These kinds of initiatives led by NGOs in Milan during quarantine were also met with programmes of ‘digital solidarity’ to assist with digital connectivity during the lockdown. Here, the Italian Ministry for Technological Innovation and Digitization partnered with private companies to offer forms of assistance to citizens such as free online newspapers, faster internet, access to online education and entertainment platforms during the lockdown. Furthermore, the Ministry of Health created a series of infographics about protocols to help prevent the spread of the Coronavirus, many of which were widely circulated via WhatsApp and Facebook.

Amid the rapid spread of both the virus and information during the pandemic, unverifiable information also spread quickly across the community, the country, and the world via memes, short videos, and text/voice messages. By March, the Italian state increased its involvement in this issue with an attempt to communicate the facts about the virus, with a significant pushback by Italian medical authorities against ‘fake health information’ that was circulating via WhatsApp. The Italian Ministry of Health soon published a list of ten particularly pertinent ‘fake news’[1] items about the Coronavirus that had been identified within the Italian social web, from the myth that drinking tap water was dangerous to health to the rumour that wearing face masks in the home would help limit contagion, to the idea that taking a hot bath would kill off the virus.

Figure 3:Screen shot of the Italian Ministry of Health website section on Coronavirus and Fake News. Image Source: http://www.salute.gov.it/portale/news/p3_2_1_1_1.jsp?lingua=italiano&menu=notizie&p=dalministero&id=4380

In a widely circulated YouTube video appeal Roberto Fumagalli, a senior Medical Director from Milan’s Niguarda hospital, pleaded to people in Milan, and to the nation, to stop circulating unverified information and gossip about Coronavirus, including a stream of official-sounding voice messages that had been sent via WhatsApp to people across Italy about what doctors are/are not doing or who they are/are not treating.

In light of false and misleading information concerning the virus, and in the context of high anxiety and stress caused by the experience of quarantine, a number of research participants in NoLo had intervened on social media, asking for people to stop sharing unverifiable facts and misinformation that were proving inflammatory and divisive – a practice of regulation and control of the social web that I had witnessed more broadly in the community in the previous two years during fieldwork in Milan.

Figure 4: Daily news and chats in Milan. Photo taken by author.

The spread of misinformation, or unverified or false information via smartphones and social media remains a significant part of public conversation in Italy, as in other parts of the world. This issue is particularly seen to affect older populations and is a priority concern and main point of focus within ageing policy discussions, with the assumption that older people are particularly vulnerable to ‘fake news’.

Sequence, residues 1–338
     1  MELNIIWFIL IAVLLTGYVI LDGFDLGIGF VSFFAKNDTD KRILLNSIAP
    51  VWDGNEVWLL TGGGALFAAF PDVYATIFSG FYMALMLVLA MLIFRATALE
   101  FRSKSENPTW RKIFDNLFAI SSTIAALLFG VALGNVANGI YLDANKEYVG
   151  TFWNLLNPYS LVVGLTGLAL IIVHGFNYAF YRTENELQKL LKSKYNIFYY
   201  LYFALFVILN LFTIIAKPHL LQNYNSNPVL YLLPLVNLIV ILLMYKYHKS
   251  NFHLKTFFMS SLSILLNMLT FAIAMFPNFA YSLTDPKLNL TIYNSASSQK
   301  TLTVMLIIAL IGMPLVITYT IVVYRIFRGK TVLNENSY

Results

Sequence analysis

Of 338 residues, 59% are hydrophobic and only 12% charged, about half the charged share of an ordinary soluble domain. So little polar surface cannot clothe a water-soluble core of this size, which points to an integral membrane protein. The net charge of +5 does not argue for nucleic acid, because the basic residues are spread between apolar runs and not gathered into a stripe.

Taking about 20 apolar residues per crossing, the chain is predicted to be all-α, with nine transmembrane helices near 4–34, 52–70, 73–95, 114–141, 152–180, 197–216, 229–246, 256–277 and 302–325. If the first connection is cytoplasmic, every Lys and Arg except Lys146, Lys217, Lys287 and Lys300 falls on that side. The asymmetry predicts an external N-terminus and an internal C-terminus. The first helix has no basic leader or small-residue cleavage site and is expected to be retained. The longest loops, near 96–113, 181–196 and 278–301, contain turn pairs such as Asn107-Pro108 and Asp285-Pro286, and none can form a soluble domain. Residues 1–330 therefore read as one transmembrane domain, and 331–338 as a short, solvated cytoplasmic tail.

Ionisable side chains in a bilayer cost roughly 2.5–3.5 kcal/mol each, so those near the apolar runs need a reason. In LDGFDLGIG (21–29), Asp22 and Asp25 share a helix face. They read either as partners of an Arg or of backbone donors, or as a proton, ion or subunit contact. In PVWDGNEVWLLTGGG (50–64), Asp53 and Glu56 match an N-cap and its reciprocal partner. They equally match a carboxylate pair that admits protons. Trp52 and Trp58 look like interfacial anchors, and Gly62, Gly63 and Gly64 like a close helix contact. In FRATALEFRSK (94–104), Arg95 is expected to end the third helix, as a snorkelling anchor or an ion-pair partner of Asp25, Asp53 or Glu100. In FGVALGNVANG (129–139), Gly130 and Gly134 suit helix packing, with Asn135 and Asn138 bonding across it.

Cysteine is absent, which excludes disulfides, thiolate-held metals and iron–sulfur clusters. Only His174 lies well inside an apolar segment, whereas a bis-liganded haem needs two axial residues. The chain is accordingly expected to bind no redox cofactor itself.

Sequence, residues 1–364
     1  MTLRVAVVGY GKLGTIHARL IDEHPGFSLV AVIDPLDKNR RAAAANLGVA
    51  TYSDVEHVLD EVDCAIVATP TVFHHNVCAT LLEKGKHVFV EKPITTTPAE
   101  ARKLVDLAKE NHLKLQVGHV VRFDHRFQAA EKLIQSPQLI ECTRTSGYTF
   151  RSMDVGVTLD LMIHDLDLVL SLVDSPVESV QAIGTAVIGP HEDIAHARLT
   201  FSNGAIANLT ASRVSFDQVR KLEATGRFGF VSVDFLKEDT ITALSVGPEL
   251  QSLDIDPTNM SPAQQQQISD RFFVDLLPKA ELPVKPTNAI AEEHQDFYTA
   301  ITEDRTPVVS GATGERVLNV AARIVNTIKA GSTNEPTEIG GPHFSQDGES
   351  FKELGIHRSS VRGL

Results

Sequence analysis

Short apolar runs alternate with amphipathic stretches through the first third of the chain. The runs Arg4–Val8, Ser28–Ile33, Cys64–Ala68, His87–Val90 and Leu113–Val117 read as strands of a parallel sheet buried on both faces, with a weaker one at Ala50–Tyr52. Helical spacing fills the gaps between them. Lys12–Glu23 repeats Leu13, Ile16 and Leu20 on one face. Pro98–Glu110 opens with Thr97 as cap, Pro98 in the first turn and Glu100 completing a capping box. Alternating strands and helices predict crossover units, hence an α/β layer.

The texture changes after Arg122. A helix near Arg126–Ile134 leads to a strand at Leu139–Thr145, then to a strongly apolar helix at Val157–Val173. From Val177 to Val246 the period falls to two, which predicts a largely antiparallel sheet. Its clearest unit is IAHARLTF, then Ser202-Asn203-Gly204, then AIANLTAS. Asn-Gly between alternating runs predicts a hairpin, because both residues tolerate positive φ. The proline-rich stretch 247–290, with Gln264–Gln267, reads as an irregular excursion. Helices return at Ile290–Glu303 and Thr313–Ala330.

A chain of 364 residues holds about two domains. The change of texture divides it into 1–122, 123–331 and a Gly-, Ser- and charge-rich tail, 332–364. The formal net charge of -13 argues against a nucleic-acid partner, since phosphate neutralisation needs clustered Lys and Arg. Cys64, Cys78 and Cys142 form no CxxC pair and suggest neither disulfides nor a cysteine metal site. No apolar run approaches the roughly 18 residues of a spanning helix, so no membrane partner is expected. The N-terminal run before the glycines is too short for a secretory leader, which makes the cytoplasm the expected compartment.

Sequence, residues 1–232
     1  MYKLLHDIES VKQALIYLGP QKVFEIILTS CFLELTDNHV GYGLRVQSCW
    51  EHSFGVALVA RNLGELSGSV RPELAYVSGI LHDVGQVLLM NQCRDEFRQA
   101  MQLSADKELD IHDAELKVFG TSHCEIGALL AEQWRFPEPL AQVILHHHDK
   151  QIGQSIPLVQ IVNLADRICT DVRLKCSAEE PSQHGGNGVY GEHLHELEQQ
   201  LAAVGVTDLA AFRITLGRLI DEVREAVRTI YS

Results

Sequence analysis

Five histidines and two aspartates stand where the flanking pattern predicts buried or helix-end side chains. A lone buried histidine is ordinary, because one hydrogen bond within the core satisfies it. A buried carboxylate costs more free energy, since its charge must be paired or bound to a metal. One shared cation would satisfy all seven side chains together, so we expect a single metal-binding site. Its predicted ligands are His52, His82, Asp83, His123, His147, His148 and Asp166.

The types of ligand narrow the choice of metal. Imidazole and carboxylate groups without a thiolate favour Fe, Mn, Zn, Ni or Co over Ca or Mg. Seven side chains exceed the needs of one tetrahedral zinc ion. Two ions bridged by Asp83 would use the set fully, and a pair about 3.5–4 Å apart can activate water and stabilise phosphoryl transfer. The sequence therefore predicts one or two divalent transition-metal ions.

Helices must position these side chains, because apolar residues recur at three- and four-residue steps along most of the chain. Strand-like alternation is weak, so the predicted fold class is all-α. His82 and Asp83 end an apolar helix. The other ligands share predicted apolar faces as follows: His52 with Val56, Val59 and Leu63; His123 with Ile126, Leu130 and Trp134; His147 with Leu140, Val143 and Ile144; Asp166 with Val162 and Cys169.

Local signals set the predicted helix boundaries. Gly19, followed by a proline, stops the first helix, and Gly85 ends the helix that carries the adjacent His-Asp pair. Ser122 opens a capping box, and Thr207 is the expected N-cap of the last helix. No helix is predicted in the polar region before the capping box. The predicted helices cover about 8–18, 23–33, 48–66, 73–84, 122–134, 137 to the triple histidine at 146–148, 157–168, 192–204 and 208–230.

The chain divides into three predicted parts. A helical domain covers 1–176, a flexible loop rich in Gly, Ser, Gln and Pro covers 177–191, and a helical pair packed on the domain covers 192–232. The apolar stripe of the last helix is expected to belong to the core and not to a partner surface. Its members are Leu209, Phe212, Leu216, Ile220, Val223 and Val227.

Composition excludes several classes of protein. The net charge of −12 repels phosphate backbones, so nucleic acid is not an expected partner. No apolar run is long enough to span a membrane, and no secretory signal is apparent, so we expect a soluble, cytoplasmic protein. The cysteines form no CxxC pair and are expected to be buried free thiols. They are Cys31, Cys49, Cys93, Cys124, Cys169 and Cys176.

Figure 5: ‘Anziani e Fake News’ (Elders and Fake News). Advert for a discussion event on ‘information and disinformation in the era of social media’) organised by AUSER, a main nation-wide ageing NGO in Italy. https://www.auser.it/comunicati-stampa/anziani-e-fake-news-come-non-cadere-negli-inganni/

My broader research encountered concerns amongst middle-aged and older adults about the role of smartphones in spreading unverified information quickly and easily in today’s world, while a number of research participants also recognised that dis/mis information[2] also has historical roots, reflecting uses of sectors of the media and television to misinform and/or mislead, citing examples from the media and television era of Berlusconi in the 1980s to the propaganda of the fascist era in the 1930s, which many of them and/or their parents had also lived through.

Overall, the multifaceted and deep-rooted issue of contemporary information and mis/dis-information in Milan, amidst and beyond the pandemic, highlights a range of contemporary tensions and paradoxes concerning social and public life within the present information age, which smartphones – as products of, and companions to the current age ­– are complexly implicated in.

 

[1] ‘Fake news’ is a significant feature of media coverage and popular conversation in Italy. The Collins English Dictionary defines fake news as the ‘false, often sensational, information disseminated under the guise of news reporting’: https://www.collinsdictionary.com/dictionary/english/fake-news

[2] The distinction between misinformation and disinformation has been defined in terms of intentionality. The former describes the sharing of information regardless of intention, while the latter involves the intention to mislead, misinform and/or manipulate. See: https://www.dictionary.com/e/misinformation-vs-disinformation-get-informed-on-the-difference/ and https://en.unesco.org/fightfakenews